What kind of hardware is best for my rig?

When choosing a new or used rig, the metal hardware used in the 3-ring assembly and for harness adjustments matters a lot. Inattention to this detail can make or break a good used gear deal. If you’re getting new gear, some of those great sales and discount deals might be due to hardware choice.

It’s all in the shine. Aside from a decade-or-so foray into nickel-plated hardware—a trip down the wrong road for the most part, since nickel plating chips—the choices are between cadmium-plated metal, which has a dull finish, or shiny stainless steel. Stainless steel makes a better choice across the board but of course costs more.

Manufacturing defects notwithstanding, all the hardware on your parachute system will take any load skydiving can deliver. But over time—and not much time in some locations—cadmium plating wears off, especially where the harness straps rub against it or where one metal part contacts another. Humidity mixed with industrial pollution can accelerate the degradation.

The worn plating leaves the steel underneath subject to rust. Unplated steel that is exposed to saltwater (e.g., from swooping on a beach) can rust and ruin a harness overnight. Any rust on a harness is a no-go, and both the rusted hardware and any webbing it contacted must be replaced. In some cases, the rig is done for good.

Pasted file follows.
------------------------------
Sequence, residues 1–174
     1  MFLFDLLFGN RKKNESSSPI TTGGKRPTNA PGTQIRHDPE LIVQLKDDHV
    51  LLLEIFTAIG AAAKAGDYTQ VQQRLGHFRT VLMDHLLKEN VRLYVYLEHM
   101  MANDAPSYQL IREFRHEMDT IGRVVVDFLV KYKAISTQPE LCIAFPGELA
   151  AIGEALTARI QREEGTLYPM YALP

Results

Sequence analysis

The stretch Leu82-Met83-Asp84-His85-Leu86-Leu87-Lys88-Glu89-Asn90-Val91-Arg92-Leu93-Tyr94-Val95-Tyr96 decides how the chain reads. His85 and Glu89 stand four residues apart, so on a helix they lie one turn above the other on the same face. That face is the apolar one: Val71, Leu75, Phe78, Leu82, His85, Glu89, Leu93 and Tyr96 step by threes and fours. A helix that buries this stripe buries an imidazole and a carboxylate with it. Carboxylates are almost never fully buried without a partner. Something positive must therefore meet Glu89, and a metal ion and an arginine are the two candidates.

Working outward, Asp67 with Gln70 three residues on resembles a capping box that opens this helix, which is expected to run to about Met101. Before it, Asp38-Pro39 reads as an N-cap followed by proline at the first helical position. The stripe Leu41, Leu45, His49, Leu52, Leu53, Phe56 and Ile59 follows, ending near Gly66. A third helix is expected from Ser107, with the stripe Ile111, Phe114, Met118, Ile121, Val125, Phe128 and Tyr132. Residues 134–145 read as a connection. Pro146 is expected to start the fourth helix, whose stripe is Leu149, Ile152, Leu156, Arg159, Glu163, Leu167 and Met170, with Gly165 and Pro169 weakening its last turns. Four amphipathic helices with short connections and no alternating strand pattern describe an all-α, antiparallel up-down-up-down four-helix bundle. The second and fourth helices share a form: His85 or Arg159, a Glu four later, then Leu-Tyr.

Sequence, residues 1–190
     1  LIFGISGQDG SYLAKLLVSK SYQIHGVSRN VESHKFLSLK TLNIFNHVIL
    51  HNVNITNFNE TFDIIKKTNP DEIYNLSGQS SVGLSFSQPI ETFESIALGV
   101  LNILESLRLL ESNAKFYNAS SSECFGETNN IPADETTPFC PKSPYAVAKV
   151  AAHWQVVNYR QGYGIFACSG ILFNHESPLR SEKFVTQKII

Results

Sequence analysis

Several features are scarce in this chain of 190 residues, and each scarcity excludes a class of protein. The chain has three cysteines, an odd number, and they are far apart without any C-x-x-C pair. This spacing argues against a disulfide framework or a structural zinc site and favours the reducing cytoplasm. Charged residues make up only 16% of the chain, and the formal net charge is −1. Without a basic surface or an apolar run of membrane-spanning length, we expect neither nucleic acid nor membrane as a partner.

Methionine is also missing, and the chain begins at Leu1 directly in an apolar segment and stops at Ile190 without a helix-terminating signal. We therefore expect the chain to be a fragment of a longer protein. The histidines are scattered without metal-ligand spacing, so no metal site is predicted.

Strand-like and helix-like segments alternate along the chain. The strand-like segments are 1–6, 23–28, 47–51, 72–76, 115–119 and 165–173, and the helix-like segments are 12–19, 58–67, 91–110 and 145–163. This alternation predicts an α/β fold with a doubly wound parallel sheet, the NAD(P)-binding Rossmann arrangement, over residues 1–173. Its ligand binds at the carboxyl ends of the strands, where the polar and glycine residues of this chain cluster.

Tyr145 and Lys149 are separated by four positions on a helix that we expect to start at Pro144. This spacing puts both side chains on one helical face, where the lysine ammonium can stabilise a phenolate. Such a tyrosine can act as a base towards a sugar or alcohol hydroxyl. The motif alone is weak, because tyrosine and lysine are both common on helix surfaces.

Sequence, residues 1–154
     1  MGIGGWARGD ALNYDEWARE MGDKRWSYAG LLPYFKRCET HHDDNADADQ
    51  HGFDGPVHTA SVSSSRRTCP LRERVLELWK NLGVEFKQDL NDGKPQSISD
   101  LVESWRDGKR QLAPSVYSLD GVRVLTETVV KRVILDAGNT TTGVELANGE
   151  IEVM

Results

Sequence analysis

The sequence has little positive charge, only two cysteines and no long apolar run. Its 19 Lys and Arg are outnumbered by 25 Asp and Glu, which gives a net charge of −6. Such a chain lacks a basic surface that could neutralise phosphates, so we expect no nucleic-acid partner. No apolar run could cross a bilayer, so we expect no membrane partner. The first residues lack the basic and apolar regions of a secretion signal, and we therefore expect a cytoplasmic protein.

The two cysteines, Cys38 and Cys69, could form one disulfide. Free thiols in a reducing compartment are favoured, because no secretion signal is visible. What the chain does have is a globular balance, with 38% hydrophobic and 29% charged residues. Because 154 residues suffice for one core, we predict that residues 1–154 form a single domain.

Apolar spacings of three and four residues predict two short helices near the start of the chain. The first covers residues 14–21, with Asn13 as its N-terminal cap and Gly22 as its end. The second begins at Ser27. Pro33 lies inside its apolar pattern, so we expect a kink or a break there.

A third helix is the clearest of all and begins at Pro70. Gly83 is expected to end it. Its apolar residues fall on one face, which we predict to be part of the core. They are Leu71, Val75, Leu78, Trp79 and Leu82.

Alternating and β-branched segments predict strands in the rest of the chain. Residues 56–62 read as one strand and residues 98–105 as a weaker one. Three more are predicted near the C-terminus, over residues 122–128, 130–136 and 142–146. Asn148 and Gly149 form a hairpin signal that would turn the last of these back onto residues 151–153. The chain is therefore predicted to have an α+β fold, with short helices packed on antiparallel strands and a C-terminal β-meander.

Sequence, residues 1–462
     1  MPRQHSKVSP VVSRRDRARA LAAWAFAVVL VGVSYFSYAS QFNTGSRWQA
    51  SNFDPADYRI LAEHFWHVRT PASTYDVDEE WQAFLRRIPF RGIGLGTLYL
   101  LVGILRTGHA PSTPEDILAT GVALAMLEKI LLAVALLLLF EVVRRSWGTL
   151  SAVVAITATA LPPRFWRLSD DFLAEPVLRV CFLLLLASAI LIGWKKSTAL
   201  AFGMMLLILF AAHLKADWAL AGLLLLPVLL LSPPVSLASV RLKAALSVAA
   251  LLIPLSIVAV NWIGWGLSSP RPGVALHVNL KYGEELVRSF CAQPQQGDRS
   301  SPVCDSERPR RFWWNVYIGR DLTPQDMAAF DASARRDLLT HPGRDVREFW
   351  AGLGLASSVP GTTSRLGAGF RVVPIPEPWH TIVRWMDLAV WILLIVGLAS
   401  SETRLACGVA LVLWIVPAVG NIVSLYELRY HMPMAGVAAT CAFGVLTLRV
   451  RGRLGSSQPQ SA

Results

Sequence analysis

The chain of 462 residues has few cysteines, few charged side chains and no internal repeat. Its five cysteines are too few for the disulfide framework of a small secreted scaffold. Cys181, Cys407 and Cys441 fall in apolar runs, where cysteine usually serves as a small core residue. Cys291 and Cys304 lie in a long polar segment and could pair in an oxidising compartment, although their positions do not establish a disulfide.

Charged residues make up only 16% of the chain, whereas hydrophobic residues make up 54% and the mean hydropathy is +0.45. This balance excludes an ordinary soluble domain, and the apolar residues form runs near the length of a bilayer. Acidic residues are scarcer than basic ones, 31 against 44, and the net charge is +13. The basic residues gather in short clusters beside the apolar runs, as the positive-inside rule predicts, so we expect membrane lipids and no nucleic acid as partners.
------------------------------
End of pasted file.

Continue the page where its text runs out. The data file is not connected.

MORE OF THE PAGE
While stainless steel hardware adds anywhere from $150 to upwards of $300 to the price of a rig, it eases any concerns about rust and adds sparkle to your step. Most jumpers will settle for ordinary silvery stainless steel. But lately, black oxide plating has graduated from stealth for military rigs to high fashion. Expect it to rub off in the high wear spots over time, “which I think still looks pretty cool,” says Kelly Farrington, designer of the Velocity Sports Equipment Infinity. He offers black with the caveat that it may scratch. Since it’s stainless steel underneath, rust is no worry.

Stainless hardware did present some challenges for a time. Hardware that slipped when loaded became an issue. So along with the use of the new, smoother metal came new designs. The conventional floating-bar hardware works better with some harness and webbing combinations than others. Some rig manufacturers have addressed this problem with an additional layer of webbing. One hardware manufacturer offers a clunky looking spring-loaded design that keeps the floating bar tightly in position. On the two-piece paddle types of hardware that originated in France, it took a few tries for some manufacturers to dial in the configuration and tolerances. But on the whole, stainless-steel hardware has proven to be worth the extra expense—several hundred dollars per system in most cases—both in new and pre-owned equipment. It can greatly extend the useful life of a harness and container system (not to mention keeping dangerous metals from absorbing into our sweaty, acidic skin). If our little cottage industry had started out large enough to afford its own stainless-steel castings from the beginning, it’s likely we’d have never used cadmium-plated hardware at all. Now we don’t have to.

Kevin Gibson | D-6943 and FAA Master Rigger
Rahlmo’s Rigging in Orange, Virginia


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